Knife Skills Illustrated

Sometimes when I pick up my chef’s knife I get a sort of stage fright. Everything will be going along just fine with my dicing of an onion and then all of a sudden it happens. I try to focus on the vegetable or the fruit I need to cut, and suddenly my attempts to clear my mind of judgement fails and I have to stop. I can’t cut a thing. Even though there’s no one in my kitchen checking my knife sills, I can feel the presence of a great chef judging me.

I think it was last year when my knife skills problem started.

It all began when I saw this one episode of THE NEXT FOOD NETWORK STAR. It was the show when Iron Chef Morimoto tests the hopeful TV chefs with a quick challenge. He hands the contestants a chef’s knife and a fish and tells them to filet the thing.

It was horrifying what happened next. In this pool of talented food professionals, most of the contestants couldn’t filet the fish. One or two skilled people were able to de-bone the fish in just a few minutes, but all the other kitchen jocks just destroyed the fish. It was embarrassing. One woman did such a bad job Morimoto couldn’t even look at her.

He just stared at the messy pile of wasted fish and frowned. “Uh, basically,” he said, “you have no knife skills.”

And that, as they say, was that.

Now every time I step up to my chopping board, I hear Morimoto saying the very same thing to me.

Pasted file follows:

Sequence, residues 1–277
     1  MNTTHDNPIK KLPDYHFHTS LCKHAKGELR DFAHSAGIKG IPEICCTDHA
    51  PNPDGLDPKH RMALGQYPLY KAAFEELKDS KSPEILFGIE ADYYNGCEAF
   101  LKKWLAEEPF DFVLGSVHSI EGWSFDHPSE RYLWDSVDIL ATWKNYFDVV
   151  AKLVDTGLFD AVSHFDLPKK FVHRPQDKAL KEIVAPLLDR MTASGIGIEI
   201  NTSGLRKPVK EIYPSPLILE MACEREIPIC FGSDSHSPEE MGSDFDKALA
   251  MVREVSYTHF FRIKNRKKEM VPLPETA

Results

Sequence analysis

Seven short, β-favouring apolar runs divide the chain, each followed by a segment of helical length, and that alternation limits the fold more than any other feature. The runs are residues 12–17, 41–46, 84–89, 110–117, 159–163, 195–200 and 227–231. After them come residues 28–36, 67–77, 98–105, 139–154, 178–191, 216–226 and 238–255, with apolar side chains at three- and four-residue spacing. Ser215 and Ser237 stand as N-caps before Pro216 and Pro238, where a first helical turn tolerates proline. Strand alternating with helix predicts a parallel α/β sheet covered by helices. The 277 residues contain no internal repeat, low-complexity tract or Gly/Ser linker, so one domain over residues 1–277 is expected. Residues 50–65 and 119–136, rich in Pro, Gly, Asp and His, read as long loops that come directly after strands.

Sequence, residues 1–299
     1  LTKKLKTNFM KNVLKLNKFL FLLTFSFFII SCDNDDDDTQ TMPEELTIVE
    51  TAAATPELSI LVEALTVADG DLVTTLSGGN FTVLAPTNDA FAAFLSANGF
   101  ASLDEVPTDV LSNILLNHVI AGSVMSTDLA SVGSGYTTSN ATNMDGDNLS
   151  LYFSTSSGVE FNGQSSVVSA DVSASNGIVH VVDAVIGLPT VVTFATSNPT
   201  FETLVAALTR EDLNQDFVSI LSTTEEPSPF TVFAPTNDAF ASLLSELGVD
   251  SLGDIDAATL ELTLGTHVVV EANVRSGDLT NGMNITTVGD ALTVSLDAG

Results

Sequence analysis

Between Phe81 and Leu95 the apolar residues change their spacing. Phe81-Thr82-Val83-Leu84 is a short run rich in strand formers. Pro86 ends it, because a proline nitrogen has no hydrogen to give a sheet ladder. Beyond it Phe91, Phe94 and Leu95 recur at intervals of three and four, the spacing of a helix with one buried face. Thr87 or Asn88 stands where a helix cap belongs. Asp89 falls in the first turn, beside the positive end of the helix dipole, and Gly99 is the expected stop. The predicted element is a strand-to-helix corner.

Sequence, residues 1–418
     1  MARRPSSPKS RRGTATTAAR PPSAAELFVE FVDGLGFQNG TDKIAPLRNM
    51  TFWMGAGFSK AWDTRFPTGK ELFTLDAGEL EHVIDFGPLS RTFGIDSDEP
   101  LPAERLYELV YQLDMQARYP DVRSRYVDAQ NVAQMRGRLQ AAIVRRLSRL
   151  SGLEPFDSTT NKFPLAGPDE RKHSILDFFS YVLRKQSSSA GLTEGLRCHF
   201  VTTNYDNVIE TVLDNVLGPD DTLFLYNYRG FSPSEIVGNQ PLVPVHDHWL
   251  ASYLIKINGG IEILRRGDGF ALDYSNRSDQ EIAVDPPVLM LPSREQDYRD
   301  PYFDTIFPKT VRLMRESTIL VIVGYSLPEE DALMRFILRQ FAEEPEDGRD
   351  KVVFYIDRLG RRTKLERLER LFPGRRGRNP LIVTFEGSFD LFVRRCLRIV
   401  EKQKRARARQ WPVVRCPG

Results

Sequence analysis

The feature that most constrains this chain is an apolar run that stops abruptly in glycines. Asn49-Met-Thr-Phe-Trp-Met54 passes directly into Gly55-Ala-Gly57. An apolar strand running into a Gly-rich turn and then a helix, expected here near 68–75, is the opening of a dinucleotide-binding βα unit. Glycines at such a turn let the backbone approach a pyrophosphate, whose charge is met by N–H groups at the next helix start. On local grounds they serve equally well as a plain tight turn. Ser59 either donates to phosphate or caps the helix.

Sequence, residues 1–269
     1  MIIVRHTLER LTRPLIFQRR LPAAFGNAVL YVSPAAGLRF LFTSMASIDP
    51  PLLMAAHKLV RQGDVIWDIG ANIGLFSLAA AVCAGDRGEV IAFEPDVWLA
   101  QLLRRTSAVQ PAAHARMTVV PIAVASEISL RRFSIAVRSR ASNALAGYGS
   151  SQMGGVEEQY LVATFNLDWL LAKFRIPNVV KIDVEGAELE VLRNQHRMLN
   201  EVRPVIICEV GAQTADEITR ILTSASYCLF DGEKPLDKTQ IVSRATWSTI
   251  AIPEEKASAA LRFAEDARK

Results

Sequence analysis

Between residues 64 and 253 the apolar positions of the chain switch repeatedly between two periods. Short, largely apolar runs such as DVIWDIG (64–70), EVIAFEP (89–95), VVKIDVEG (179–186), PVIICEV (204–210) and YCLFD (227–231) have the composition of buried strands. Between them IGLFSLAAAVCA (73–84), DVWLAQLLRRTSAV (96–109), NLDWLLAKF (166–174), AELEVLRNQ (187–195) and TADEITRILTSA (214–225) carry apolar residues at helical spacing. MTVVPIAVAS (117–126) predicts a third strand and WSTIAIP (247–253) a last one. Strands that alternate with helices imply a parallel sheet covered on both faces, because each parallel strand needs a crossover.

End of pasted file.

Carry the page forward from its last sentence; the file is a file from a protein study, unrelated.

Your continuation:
Over and over again.

“Uh, basically, you have no knife skills.”

No matter how swift (“Uh, basically, you have no knife skills”) or how uniformed my technique (“Uh, basically, you have no knife skills”), I feel Morimoto’s critical gaze checking my work. Sometimes, even my husband says the dreaded phrase (“Uh, basically, you have no knife skills”)—just to mess with me.

But all of that is over now.

Thanks to the Cooks Library and swell guy named Peter Hertzmann and his book Knife Skills Illustrated, I’ll be slicing my onions like a master.

This book is my new bible. Whenever I’m ready to slice and dice, I pick up my Knife Skills book and get reading. The pages are full of great illustrations that make learning knife skills from a book absolutely possible.


Like this illustration, for example. Basically, I had no idea I was holding the knife wrong. According to Hertzman, if you want to have great knife skills, it’s all about the pinch grip.

I’m so down with the pinch grip.


This is not the pinch grip.


This, my friends, is me doing the pinch grip.

I have to agree with my new friend Peter, the pinch grip gives me way more control over the knife. Holding the knife like this hurts a little at first (tender hands of a novice), but very soon I’ll get a knife-skills-blister just like the pros! I’m so excited!

I’m so excited, I even took pictures of myself cutting brussels sprouts. Because I’m a big fat food blogging nerd.

I’m beside myself happy. There are just so many vegetables to be sliced. Multitudes of onions to practice on. I can’t wait to perfect the art of deboning a chicken! Just you wait Morimoto. I’ll have knife skills yet!

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Brooke Burton nominated for best food writing

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Food Woolf Written by:

Brooke Burton is an Los Angeles-based restaurant professional and hospitality expert. She is a freelance food writer, speaker, and co-author of The Food Blog Code of Ethics.

One Comment

  1. Anonymous
    January 1
    Reply

    Have you seen Chad Ward’s “An Edge in the Kitchen”. It sounds like you might enjoy that book as well.

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